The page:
“I remember a friend of mine once telling me that we hate what we fear in ourselves,” 
― John Boyne, The Heart’s Invisible Furies

It is the story of Cyril who is a gay man born into extremely conservative Ireland in the 1940s. It is a powerful and moving story that intertwines Cyril’s life with the backdrop of Ireland in the 20th century and the long and difficult history of LGBT rights. It covers so much…friendship, family, loss, violence, politics, religion, and prejudice. It follows Cyril from conception through old age in seven-year intervals. Boyne is able to share this sometimes overwhelmingly sad story with humor which I found to be the most wonderful balance as a reader. It had many moments of wit intertwined with some pretty horrific life events for Cyril and those who became his family.

“You’re a bit of an oddball, Jonathan,’ I said. ‘Has anyone ever told you that?’
‘Nineteen people this year alone,’ he said. ‘And it’s only May.” 
― John Boyne, The Heart’s Invisible Furies

The characters were perfectly imperfect and the flaws made the story what it was. There were times of mourning and grief and there were many lessons learned along the way.

“Maybe there were no villains in my mother’s story at all. Just men and women, trying to do their best by each other. And failing.” 
― John Boyne, The Heart’s Invisible Furies

Cyril is an ordinary man with a very unordinary life and I loved watching the process of him finding not only who he was all along but also the road to self-love and acceptance. This book, even with its time of heartbreak, is about love, all kinds of love. It’s about what makes a family and how circumstances that are sometimes out of our own control can totally change our lives.

This book was thought-provoking and truly one of a kind. I will remember it forever and although at times it was hard to read, I am so happy I did.

Nine Perfect Strangers | Book Review

Book Review-5

I was hesitant to read this book after seeing a lot of mixed reviews. After talking with some of my reading friends, the consensus was that it was a lot different than her other books and it didn’t have that psychological thriller component to it. It was very helpful to know this ahead of time or else I think I would have been waiting “for something to happen” the whole time. Some of her books were so enjoyable to me, specifically The Husbands Secret and Big Little Lies..and others fell flat like Truly Madly Guilty.  I love her writing style and her in-depth characters which are always a consistent theme of her books.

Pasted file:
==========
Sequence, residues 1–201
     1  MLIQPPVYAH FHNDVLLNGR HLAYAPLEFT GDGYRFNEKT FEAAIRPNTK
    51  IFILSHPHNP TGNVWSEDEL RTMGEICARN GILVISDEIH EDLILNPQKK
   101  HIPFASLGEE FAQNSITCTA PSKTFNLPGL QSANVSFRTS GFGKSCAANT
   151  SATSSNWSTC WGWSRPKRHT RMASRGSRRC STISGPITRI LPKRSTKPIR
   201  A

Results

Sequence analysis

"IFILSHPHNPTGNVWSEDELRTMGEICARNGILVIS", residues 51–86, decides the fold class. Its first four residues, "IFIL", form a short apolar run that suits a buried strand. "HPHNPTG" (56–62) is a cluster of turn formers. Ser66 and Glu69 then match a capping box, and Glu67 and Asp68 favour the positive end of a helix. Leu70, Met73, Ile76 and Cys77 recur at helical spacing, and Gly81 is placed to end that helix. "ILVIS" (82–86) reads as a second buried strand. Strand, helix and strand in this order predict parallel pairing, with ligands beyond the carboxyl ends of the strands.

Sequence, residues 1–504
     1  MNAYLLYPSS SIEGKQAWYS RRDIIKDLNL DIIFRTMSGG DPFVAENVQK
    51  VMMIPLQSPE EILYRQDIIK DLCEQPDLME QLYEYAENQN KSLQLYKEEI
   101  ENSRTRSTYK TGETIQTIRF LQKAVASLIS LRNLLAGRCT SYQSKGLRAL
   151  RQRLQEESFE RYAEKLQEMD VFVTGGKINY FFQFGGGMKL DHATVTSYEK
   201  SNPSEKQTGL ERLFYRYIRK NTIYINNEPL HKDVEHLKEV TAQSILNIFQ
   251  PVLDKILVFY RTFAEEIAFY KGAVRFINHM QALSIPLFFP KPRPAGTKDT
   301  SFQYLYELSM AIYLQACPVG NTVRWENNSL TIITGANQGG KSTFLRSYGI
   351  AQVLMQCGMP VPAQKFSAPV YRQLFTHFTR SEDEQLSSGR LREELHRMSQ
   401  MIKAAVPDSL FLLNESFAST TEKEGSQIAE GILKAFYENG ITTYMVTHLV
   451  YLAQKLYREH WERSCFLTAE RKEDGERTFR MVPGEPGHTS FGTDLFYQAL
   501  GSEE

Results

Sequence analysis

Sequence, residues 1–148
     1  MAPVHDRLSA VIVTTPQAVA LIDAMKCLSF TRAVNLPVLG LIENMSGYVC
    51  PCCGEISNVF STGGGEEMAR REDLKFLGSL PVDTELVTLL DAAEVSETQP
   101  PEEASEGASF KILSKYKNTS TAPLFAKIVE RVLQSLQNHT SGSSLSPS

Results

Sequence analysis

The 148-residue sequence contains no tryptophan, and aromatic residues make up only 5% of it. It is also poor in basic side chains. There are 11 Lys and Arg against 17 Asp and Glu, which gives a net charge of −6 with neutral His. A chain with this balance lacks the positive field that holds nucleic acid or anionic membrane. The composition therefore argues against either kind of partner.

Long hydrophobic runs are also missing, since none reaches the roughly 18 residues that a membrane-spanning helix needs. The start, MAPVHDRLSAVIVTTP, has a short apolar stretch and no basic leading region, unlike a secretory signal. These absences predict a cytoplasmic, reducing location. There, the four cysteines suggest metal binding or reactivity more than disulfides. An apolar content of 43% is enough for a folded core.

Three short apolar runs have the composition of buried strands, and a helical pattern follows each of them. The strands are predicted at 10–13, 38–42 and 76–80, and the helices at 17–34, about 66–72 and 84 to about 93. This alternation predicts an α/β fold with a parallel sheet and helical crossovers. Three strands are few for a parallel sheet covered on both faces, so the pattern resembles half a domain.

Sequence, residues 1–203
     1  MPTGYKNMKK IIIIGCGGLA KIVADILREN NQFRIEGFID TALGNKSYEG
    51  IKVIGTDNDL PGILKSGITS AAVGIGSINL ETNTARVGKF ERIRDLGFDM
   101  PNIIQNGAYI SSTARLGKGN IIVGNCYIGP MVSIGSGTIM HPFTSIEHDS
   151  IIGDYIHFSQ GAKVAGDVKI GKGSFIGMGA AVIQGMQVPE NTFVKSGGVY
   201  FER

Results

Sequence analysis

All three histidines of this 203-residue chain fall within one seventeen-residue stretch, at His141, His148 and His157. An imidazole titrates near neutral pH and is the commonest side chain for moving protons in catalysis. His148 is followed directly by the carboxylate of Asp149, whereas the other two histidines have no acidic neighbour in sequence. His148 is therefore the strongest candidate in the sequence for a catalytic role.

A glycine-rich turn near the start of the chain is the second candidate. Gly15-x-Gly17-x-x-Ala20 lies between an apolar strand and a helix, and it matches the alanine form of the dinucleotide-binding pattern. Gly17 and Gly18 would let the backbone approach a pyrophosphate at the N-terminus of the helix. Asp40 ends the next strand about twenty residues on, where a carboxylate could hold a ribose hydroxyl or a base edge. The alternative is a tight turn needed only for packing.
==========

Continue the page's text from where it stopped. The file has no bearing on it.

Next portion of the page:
I went into this one with low expectations and was pleasantly surprised by the first half of the book. I enjoyed “getting to know” each of the nine guests and the three staff members at Tranquillum House. I also love self-help so I was intrigued by the idea of a 10-day retreat. I enjoyed hearing about what lead the guests to make a visit to this exclusive resort..some of the stories were very interesting and some were also very sad. The characters were multi-faceted and although the first half of the book was not especially fast-paced, it was very enjoyable to me.

Unfortunately, after the first half, this book just lost me. I was interested in the idea that although the guests knew they would be leaving Tranquillum House totally refreshed and changed, they didn’t quite know what they were signing up for. But the direction the “treatment” took was just comical to me and it was hard to take seriously after that. I did wade through it until the end and enjoyed the “wrap-ups” of each character but once the book went a completely different direction..it just didn’t seem believable to me.

I am happy I read it but it was a long one and I don’t think it would be one I would recommend. I am hoping her next book is a winner because so many of them have been!